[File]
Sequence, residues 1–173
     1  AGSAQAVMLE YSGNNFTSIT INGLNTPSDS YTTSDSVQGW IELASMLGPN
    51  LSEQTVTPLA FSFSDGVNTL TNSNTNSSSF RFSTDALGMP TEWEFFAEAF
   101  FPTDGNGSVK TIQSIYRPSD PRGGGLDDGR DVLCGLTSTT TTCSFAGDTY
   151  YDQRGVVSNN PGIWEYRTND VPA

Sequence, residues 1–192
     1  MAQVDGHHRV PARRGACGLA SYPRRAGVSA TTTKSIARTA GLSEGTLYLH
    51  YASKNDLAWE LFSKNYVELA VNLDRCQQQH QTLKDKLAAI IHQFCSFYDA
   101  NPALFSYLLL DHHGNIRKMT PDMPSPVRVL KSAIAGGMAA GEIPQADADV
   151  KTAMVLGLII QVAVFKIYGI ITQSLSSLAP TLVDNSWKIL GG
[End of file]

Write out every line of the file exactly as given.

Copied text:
Sequence, residues 1–173
     1  AGSAQAVMLE YSGNNFTSIT INGLNTPSDS YTTSDSVQGW IELASMLGPN
    51  LSEQTVTPLA FSFSDGVNTL TNSNTNSSSF RFSTDALGMP TEWEFFAEAF
   101  FPTDGNGSVK TIQSIYRPSD PRGGGLDDGR DVLCGLTSTT TTCSFAGDTY
   151  YDQRGVVSNN PGIWEYRTND VPA

Sequence, residues 1–192
     1  MAQVDGHHRV PARRGACGLA SYPRRAGVSA TTTKSIARTA GLSEGTLYLH
    51  YASKNDLAWE LFSKNYVELA VNLDRCQQQH QTLKDKLAAI IHQFCSFYDA
   101  NPALFSYLLL DHHGNIRKMT PDMPSPVRVL KSAIAGGMAA GEIPQADADV
   151  KTAMVLGLII QVAVFKIYGI ITQSLSSLAP TLVDNSWKIL GG